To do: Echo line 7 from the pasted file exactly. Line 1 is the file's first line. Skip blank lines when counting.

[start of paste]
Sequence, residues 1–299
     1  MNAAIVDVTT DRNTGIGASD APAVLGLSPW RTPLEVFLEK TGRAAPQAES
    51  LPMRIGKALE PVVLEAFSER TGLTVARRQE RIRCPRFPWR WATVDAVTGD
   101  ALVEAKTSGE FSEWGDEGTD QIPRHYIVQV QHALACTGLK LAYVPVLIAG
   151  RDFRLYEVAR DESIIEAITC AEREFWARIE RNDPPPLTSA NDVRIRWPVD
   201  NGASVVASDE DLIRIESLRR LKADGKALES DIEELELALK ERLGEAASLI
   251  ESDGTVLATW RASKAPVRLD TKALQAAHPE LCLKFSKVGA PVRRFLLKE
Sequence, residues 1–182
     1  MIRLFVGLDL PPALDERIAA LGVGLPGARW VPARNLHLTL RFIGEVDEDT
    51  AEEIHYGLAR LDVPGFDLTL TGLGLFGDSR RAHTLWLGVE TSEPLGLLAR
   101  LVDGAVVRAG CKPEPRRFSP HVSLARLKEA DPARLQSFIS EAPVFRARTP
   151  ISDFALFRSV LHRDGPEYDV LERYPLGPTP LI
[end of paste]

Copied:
   251  ESDGTVLATW RASKAPVRLD TKALQAAHPE LCLKFSKVGA PVRRFLLKE